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Profile : 'The Tigress' Sharpens Her Claws for Parliament Battle in Mexico : Ex-presidents' paramour vows 'total war' against ruling party in the Senate.

October 25, 1994|MARK FINEMAN | TIMES STAFF WRITER

MEXICO CITY — When Irma Serrano, this country's answer to Marilyn Monroe, published her kiss-and-tell autobiography several years ago, sweat ran through the corridors of political power.

Former presidents squirmed. Their wives fumed. And the onetime torch singer turned actress, known universally here as "The Tigress," held millions of Mexicans spellbound by her intimate, sometimes vicious accounts of Mexico's political kingpins.

Now, La Tigresa, the lover of former presidents who modeled nude for muralist Diego Rivera, is about to enter big-time politics herself.

Serrano will be a distinguished member of the opposition in the new Mexican Senate, which takes office Nov. 1.

The result is apt to be a bit more than the free-wheeling democracy promised by the Institutional Revolutionary Party (PRI), which has ruled this nation without challenge for 65 years.

Serrano's Senate strategy, after all, is simple.

"Total war," she said, speaking of the ruling PRI and the new president, Ernesto Zedillo. Here, in fact, is just a sample of what the ruling party has in store from the Tigress when she takes her seat with fellow members of the Democratic Revolutionary Party (PRD), in the 128-member Senate:

"Look, I'm totally at war with them," she said in an interview in the salon of a Mexico City mansion choked with gold-leafed Louis XIV furniture, carved ivory tusks from China and other lavish bric-a-brac from around the world. "I am not a passive person. I am a rare woman in Mexico. I have based my entire life on aggression and rebuttal. To fight the fight. I am a warrior. And this is war."

It is just such forceful opposition that the government of President Carlos Salinas de Gortari and Zedillo, his presidential heir, said they hoped would come with a package of reforms that made Serrano's presence in the Senate possible.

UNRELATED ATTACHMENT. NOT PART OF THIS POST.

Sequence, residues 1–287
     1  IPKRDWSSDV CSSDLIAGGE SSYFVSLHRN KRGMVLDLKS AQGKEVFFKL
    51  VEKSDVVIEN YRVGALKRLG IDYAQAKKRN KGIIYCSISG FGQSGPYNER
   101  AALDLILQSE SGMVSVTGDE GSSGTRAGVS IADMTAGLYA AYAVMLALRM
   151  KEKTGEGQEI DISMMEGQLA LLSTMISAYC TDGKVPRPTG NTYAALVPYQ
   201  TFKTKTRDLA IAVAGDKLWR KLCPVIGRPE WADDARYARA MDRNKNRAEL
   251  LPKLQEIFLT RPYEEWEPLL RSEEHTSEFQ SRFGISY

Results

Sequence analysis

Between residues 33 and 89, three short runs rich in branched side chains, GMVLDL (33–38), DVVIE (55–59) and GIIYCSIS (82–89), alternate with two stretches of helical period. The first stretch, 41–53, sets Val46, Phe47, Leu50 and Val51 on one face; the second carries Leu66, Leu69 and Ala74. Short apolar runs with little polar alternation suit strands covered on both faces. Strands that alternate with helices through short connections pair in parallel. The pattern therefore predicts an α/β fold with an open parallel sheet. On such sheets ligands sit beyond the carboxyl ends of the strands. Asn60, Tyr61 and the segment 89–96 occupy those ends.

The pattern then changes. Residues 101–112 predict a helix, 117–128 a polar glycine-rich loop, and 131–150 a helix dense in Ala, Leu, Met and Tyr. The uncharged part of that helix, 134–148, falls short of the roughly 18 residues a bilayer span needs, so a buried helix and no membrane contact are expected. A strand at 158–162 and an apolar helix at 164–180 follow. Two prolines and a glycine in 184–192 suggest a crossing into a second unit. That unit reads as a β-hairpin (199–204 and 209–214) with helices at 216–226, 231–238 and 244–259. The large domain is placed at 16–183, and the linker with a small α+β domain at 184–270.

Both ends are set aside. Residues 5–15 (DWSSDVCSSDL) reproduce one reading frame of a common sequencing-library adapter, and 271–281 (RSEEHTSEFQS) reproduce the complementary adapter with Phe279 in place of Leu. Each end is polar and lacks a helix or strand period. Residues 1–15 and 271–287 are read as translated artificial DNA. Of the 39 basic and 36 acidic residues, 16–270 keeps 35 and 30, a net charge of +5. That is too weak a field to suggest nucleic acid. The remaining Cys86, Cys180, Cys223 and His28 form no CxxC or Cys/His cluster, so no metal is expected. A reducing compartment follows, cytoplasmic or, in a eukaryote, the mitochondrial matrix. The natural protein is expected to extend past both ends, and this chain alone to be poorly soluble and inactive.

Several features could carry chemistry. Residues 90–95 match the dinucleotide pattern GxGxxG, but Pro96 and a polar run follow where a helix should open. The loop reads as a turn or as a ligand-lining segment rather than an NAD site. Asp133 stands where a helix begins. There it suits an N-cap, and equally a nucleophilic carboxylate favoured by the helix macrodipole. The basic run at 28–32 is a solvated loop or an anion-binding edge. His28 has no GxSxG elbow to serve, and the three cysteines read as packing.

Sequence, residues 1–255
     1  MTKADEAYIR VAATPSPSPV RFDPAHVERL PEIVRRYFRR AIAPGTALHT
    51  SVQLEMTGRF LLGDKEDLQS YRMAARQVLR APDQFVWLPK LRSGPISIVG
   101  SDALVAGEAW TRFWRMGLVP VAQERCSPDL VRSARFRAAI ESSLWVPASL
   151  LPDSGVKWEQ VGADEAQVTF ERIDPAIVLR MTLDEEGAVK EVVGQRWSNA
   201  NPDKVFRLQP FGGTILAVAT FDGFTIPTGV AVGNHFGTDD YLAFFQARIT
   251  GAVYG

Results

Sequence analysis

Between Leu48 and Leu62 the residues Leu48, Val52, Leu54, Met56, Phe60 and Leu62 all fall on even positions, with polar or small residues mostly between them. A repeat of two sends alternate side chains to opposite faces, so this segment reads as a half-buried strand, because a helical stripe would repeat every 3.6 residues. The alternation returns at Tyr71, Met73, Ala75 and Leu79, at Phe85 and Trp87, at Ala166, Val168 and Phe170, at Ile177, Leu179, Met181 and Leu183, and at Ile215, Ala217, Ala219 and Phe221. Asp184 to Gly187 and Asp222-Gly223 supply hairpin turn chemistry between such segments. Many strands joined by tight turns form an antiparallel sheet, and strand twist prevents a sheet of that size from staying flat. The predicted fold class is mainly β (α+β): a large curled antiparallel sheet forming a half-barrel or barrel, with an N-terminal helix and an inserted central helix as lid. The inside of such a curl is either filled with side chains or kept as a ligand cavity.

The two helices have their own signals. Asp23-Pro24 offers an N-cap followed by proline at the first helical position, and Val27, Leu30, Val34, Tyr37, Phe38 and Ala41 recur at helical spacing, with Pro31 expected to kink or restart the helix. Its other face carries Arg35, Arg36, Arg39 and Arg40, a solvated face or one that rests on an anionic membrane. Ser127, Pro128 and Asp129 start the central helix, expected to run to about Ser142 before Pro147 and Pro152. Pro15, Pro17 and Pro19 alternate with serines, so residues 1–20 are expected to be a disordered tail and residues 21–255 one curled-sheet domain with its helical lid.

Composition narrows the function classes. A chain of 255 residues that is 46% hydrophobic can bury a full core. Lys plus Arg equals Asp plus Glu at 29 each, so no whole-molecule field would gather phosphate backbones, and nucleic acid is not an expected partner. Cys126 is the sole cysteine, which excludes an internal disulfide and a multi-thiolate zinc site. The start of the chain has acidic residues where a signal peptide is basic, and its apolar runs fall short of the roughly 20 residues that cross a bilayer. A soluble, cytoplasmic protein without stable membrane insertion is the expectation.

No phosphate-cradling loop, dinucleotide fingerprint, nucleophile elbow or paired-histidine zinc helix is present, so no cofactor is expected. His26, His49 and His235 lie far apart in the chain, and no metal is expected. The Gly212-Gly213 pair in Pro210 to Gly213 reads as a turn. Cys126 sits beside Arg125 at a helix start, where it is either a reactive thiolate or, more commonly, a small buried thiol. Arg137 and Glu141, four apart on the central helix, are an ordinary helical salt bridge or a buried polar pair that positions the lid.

Serrano did not win her Senate seat from the troubled southern state of Chiapas outright in a hard-fought campaign. She came in a close second in the Aug. 21 federal elections in which the PRI swept to victory. But under a new, proportional representation system designed to strengthen the opposition voice in the legislature--traditionally a rubber stamp for the president that Serrano and others have called "a joke"--she and dozens of other opposition second-place finishers were awarded seats in the Senate and House of Deputies.

Although PRI legislators will maintain a comfortable majority in both houses of Congress, they and Zedillo will lack the two-thirds majority needed to alter the Mexican constitution with impunity. Further, the new face of Congress is likely to change this nation's staid, predictable political landscape forever.

Serrano will likely be just one of the permanent--and outrageous--fixtures in a new era of congressional confrontation.

Sitting near her will be opposition PRD member Herberto Castillo, who is best known for a proposal to carve mammoth tunnels and install giant fans in the mountains south of the capital to suck out the city's notorious pollution.

The Senate will also include 24 members of the opposition National Action Party, among them veterans such as Juan de Dios Castro Lozano. He has pledged to revolutionize the Congress into an aggressive, presidential watchdog overnight.

But in the days since the elections, it has been the Tigress who has spoken out loudest and most boldly against the PRI, its new president and governor-elect in Chiapas, where opposition protest to that election result is threatening to rekindle a peasant-guerrilla uprising that left 150 dead in January.

The Tigress already has vowed to put 4,000 women on guard outside the governor's mansion in the state capital of Tuxtla Gutierrez to prevent the PRI's governor-elect, Eduardo Robledo Rincon, from entering the building, let alone taking office--an event, she said, that will happen "only over my dead body."

She has called Robledo "an assassin" and "a man responsible for the slaughter of thousands of indigenous Mexicans." She has accused him of trying to kidnap her and asserted that the PRI was behind a road accident in Chiapas that left her injured during her first Senate bid there three years ago.

Privately, even Serrano's own party ideologues have expressed concern. Some said they are worried the Tigress will go so far and outrage so many that she will become an embarrassment to them too.

None of this seemed to concern Serrano as she reflected recently on her past, her future and the future of Mexican democracy.

Her face thick with makeup, eyebrows painted with her trademark cat lines, the Tigress was the picture of poise and principle as she responded to the suggestion that she may not be taken with sufficient gravity in the Senate.

"They must take me seriously," she said. "I am very strong. I am not a woman who has gotten a single thing through favoritism, or through help of any kind. I have fought for each one of my positions. And I swear, if someone must be respected, it's going to be me.

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